Know when to stop adding nitrogen fertilizers.
Excess nitrogen encourages leaf growth at the expense of fruit. If you’re wondering why you’re not getting blossoms or developing tomatoes, put down the liquid fertilizer and instead drench the soil with a gallon of water spiked with a tablespoon each of kelp (granular or liquid) and Epsom salt.
The soil you’re using is also critical. My condolences now if you used nitrogen-enriched, time-released, chemical-laden potting soil. Clemson University Cooperative Extension warns against high levels of nitrogen because it can hinder calcium uptake and possibly be a contributor to blossom end rot.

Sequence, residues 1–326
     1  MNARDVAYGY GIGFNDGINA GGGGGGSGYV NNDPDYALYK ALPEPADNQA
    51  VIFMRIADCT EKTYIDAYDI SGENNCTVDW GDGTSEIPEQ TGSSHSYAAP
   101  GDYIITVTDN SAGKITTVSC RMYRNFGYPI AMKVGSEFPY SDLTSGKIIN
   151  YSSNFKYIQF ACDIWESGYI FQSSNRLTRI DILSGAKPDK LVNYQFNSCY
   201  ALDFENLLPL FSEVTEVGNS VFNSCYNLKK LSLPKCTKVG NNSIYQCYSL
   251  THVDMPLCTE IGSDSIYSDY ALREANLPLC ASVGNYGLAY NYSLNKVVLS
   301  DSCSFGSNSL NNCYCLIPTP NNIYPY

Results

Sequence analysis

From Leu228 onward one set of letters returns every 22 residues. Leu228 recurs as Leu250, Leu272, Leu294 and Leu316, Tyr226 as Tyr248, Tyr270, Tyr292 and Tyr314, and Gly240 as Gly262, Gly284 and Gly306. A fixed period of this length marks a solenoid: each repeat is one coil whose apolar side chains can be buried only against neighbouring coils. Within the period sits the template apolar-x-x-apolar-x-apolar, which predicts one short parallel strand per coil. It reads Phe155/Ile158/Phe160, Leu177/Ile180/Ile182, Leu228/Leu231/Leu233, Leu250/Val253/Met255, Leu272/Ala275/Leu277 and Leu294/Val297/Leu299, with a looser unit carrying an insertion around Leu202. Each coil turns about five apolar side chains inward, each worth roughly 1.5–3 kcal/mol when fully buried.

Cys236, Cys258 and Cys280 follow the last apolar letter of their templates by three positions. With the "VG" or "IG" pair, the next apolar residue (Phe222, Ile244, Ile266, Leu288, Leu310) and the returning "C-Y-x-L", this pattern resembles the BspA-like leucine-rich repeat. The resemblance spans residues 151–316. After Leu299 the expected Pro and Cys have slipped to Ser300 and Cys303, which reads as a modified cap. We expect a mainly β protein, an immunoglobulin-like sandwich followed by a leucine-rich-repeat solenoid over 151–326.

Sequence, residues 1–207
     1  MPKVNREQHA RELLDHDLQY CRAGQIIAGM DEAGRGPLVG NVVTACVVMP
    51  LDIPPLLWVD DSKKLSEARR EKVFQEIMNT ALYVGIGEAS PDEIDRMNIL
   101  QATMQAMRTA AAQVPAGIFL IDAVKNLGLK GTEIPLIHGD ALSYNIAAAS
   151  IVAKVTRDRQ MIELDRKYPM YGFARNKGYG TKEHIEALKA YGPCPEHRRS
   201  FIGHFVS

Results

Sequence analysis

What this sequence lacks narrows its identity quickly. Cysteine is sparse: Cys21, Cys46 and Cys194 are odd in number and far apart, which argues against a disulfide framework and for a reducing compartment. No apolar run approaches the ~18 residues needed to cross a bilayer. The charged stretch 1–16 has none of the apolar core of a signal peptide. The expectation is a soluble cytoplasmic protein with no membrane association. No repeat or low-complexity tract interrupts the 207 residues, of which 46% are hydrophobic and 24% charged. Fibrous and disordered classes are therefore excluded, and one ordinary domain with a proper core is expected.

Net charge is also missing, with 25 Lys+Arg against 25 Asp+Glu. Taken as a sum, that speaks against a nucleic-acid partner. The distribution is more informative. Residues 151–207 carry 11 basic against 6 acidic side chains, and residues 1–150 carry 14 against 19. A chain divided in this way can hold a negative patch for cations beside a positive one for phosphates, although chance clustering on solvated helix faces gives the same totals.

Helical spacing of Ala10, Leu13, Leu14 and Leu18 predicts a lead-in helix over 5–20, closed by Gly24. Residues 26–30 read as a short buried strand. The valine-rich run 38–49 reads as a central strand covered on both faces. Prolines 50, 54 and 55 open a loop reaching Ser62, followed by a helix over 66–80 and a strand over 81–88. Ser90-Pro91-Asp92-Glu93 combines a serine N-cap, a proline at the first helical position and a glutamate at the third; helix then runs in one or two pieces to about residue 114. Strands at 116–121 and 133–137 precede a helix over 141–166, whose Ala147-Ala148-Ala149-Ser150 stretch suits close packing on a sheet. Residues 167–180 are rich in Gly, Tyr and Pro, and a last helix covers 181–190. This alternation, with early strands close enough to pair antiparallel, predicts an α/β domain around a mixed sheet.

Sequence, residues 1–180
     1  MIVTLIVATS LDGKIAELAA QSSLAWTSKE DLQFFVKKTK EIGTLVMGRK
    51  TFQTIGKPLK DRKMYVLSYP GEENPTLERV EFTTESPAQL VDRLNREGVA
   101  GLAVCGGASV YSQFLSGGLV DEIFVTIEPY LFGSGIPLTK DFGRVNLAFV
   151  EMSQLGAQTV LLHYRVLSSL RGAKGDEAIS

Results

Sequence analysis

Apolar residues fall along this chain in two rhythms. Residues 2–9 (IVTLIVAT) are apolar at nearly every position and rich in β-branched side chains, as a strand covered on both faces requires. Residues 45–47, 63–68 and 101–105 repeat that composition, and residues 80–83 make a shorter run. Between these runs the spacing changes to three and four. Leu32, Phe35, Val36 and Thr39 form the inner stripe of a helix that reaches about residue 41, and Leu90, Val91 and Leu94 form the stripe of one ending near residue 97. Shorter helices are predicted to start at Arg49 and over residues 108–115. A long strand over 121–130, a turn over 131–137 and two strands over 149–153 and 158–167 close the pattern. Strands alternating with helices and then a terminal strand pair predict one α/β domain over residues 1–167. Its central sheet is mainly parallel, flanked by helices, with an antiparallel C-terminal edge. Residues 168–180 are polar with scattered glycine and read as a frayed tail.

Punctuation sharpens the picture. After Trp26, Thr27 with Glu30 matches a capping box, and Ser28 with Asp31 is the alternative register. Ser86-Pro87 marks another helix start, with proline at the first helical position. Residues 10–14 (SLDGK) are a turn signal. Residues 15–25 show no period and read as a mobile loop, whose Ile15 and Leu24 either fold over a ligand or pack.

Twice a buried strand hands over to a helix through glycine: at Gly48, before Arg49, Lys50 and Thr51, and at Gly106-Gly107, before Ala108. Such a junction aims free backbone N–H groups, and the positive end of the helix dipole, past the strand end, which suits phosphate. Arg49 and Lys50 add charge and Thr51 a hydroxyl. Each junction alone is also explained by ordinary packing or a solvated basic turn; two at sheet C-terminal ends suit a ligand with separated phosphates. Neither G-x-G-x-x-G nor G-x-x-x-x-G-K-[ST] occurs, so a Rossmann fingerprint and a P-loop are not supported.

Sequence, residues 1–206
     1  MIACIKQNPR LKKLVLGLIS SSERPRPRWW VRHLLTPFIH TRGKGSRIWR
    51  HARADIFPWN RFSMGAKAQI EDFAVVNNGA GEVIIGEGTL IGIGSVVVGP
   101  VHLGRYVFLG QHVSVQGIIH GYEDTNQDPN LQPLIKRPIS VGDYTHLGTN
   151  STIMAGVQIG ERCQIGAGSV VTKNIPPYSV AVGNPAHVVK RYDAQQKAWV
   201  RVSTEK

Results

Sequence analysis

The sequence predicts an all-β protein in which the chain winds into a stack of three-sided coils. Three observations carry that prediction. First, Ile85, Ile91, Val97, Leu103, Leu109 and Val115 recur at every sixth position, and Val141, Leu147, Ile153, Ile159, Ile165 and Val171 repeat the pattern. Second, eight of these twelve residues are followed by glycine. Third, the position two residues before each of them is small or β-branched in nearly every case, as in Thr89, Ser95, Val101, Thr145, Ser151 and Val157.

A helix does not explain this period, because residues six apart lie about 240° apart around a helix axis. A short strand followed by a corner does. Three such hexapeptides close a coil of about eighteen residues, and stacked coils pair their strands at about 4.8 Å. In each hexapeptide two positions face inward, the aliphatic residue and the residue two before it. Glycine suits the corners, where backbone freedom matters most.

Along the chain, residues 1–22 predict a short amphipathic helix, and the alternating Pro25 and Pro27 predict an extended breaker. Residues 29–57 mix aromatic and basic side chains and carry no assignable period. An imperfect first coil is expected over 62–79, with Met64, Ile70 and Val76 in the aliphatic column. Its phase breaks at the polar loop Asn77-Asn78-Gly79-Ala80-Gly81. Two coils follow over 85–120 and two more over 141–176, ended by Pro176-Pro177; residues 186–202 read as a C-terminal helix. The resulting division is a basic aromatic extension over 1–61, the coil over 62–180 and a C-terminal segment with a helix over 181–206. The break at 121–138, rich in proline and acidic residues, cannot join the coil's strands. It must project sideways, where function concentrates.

Water the soil, not the plant.
Use drip irrigation or soaker hoses. Do not spray the plant with water. This encourages disease. Once the plant is established, try achieving a watering schedule that allows you to go a couple of days without watering. It’s better to water deep every 2-3 days than to water the surface every day. Tomatoes in containers should be watered until it’s draining out freely and then wait until the plant needs it again. Over-watering is a common misstep.